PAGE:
Anonymous Coward says:

That cop was an idiot who did know the basics of traffic law (and may have done other equally stupid things previously) and that’s why he was fired, not for ‘excessive’ force.

Many cops would have responded even worse. For instance, if you’re pulled over by a cop (even if you don’t know it) and you get out of your car, most cops will immediately pull their gun or taser on you and start screaming “orders”. That’s what cops are trained to do (even for something as trivial as not having an inspection sticker) endangering your life in order to safeguard theirs.

This driver got a free pass when he got out of his car and did not immediately “get the treatment” and then had the nerve to refuse to bow down in submissive posture, forcing the cop to “show him who’s boss”. Most cops today would have acted the same way or worse. That’s the way they’re trained to think and act, to display “command authority” and to be in total control start to finish.

When you get pulled over, you need to remember that you are essentially ‘under arrest’ until the cop tells you to drive away, and any action you take without explicit orders (othen than to remain sitting still with your hands on the steering wheel) will be taken as evidence of hostile intent and therefore will be met with violence and possibly lethal force. (At least that’s been my recent experience)

Robert says:

Law Enforcment Required to Obey Laws not Policy

The real reason they refuse to release it, is Law Enforcement policy holds no weight under law and in fact by them attempting to write their own laws, they are in fact committing a criminal act by trying to legitimise criminal activity.
Law enforcement can not force people to do things, they can only arrest them using minimum force based purely upon the ‘opinion’ of the arresting officer. The person is brought back to the station and the senior office on station either accepts that rejects that opinion or accepts and they pass it on the the prosecutor.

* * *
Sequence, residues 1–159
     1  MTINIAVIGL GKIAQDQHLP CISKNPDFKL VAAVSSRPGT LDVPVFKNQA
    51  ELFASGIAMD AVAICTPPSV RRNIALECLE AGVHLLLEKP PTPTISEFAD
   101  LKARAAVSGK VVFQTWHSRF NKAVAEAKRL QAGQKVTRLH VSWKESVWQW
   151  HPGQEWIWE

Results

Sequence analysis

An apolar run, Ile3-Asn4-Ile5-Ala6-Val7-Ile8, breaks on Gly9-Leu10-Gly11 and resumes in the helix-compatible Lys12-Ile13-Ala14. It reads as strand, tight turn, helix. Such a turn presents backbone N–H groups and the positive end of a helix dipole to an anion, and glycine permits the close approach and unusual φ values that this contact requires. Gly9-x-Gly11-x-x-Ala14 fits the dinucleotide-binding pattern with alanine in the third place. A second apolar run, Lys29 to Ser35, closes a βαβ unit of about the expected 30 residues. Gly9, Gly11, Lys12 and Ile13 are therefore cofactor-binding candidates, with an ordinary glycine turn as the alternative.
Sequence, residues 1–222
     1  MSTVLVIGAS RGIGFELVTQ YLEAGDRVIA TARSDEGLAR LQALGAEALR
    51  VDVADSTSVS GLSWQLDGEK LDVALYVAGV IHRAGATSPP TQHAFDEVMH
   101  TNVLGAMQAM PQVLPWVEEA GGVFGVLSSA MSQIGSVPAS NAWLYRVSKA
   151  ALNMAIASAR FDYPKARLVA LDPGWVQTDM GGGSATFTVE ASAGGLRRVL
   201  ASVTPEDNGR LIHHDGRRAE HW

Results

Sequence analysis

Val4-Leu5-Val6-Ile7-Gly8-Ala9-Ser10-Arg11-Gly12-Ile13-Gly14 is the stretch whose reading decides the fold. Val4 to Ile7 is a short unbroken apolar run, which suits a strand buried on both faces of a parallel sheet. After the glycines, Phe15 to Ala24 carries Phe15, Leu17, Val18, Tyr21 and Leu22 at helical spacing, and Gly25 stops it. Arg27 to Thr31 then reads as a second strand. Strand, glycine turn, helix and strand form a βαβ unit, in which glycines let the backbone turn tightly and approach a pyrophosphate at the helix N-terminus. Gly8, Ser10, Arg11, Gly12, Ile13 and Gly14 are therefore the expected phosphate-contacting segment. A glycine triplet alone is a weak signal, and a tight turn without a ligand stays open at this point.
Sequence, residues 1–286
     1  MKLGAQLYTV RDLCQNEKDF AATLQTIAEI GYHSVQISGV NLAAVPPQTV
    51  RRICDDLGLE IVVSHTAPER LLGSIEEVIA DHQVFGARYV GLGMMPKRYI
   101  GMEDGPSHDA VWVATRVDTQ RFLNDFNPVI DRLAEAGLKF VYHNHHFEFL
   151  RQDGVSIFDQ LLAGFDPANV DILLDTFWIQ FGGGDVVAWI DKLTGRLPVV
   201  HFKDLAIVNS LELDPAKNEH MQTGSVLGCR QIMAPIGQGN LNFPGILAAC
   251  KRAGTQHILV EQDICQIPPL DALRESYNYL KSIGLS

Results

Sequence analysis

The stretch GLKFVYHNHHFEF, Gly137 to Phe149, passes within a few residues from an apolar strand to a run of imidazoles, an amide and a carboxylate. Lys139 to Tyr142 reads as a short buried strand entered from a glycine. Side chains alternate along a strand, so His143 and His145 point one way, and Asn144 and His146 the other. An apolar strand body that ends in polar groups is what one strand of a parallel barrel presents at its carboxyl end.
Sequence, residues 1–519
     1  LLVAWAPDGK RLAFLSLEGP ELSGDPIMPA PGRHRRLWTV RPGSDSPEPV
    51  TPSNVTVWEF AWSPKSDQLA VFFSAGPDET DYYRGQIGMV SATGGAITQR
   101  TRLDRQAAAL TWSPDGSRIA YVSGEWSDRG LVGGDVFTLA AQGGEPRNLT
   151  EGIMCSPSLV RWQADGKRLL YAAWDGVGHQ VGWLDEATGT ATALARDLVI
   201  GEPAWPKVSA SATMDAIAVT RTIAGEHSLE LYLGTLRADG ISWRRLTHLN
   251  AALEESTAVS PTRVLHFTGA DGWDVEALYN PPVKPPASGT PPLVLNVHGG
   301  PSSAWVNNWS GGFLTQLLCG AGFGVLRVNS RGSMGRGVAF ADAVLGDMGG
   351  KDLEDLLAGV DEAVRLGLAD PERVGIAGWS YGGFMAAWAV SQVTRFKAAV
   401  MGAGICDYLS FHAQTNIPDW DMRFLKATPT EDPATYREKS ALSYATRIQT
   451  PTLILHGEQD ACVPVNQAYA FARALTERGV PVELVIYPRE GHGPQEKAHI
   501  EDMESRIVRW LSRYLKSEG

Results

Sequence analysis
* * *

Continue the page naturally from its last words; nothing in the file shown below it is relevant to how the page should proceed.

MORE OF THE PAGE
The prosecutor then either rejects that opinion and forces the legal release of the person or seeks to prosecute the claimed crime.
When it goes to court and the case it legally proven then the will of the people is forced upon the person and they are punished.
Anything, absolutely anything beyond a minimum force arrest is illegal, including using weapons upon protesters, especially when they are ‘less’ lethal weapons.

Anonymous Coward says:

Re: Law Enforcment Required to Obey Laws not Policy

Have you not been paying attention lately? Cops have been murdering people in broad daylight, on camera and in front of dozens of witnesses yet not a damn thing happens! They shoot kids holding toy guns, they kill homeless people who are just sitting on the ground, they strangle people for daring to challenge them in even the most minor ways. Everyone keeps trotting out that classic line about how it’s only a few bad apples and the rest of the bunch are generally decent folks. But I’m calling bullshit! As a business owner, I’ve met dozens of cops over the years and every one of them was a power-tripping jackass.

The fact that this citizen-abusing bully was fired, while warranted, certainly does not reflect the national trend. There is a serious problem with American police and increased surveillance and laws that codify existing bad behavior will only make things worse.

John Fenderson (profile) says:

Re: Re: Law Enforcment Required to Obey Laws not Policy

“I’ve met dozens of cops over the years and every one of them was a power-tripping jackass.”